I’m currently doing my thesis project on assessing consumer perceptions of 3D printed foods. How do you think of 3D food printing and what do you think the future of it will be? Would love to hear from other food scientists!
For me 3D printed food are limited in possibility as food texture is not as flexible as synthetic polymers …Consumers might love the novelty of such type of fabricated food , but it will take sometime before it will become mainstream and see if preferences will change.
Further as more consumers prefer natural food( free from additives and functional ingredients) to modify a certain food item to make it extrudable or injectable, to enable it to form a desired appearance or shape;therefore it will be a challenge of acceptability from a clean label standpoint.
@xiaoqin - I see this as an ongoing hype about 3D printed foods. Practically how far can this go is still doubtful. The food item or the ingredient mashability is important so that 3D printing can be applied…
Its a different story comparing 3D printed foods with 3D bioengineered grafts (tissue regeneration), because those polymers are melted and structured based on the requirement. Even then when someone says we have a 3D printed heart valve, it is not a completely successful implant to accept.
Next comes the 3D printed meat analogues, probably a bit better application happens here in terms of structuring it towards meat using pea protein etc.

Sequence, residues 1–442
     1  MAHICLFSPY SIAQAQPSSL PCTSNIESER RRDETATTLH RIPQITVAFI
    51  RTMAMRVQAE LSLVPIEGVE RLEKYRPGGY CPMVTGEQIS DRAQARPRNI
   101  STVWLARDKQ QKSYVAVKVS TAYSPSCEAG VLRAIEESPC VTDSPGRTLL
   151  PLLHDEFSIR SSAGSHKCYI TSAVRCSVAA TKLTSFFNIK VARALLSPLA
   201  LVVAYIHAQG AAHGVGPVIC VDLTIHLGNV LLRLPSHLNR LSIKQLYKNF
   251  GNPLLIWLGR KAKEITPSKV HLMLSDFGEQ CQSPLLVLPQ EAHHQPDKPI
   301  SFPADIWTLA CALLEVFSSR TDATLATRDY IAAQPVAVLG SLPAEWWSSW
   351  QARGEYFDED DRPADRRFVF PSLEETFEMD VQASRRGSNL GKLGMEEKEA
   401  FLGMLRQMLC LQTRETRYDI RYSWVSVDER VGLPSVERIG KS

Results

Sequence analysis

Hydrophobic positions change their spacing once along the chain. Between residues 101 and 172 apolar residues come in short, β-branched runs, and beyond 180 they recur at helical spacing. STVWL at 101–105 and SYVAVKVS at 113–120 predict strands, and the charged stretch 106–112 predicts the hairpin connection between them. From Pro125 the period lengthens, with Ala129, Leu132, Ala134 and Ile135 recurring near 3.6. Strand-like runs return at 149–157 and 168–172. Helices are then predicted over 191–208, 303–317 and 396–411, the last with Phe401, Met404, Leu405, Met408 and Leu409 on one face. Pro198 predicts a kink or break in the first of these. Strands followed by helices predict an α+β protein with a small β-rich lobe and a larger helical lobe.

It is also heard that Netherlands have lots of bakery running on 3D printing process (may be someone here can expand on what is observed there).
Thanks for your discussion! As much as I’m fascinated in my research, I very much agree with two of you that 3D food printing is still not a down to earth way of food production. One big obstacle is just as what @nanoscientist described, to get the right consistancy of the food puree for the printing to get started in the first place; even when that is achieved, how much do consumers like the the (mushy) texture as @Roy mentioned above?
One thing I noticed is that our research and science world tend to focus a lot on novelty, innovation, and benefits that WE perceive, but how much of the scientifically studied benefits translate to our consumers? And how long does the novelty of a food last before consumers are stopped by the more realistic considerations such as price, availability, variety, convenience aspect, safety of the food… to name a few? In my opinion, consumer expectations should be studied and addressed BEFORE we proceed further in technology and product development. And consumer studies that basically ask " hey how much do you like this single piece of printed chocolate under our lab setting?" simply do not provide valuable insights. So far I dont see how 3D printed foods would be fully accepted from the consumer point of view, even though technically it is mature enough to be adopted for a small scale (or maybe not lol).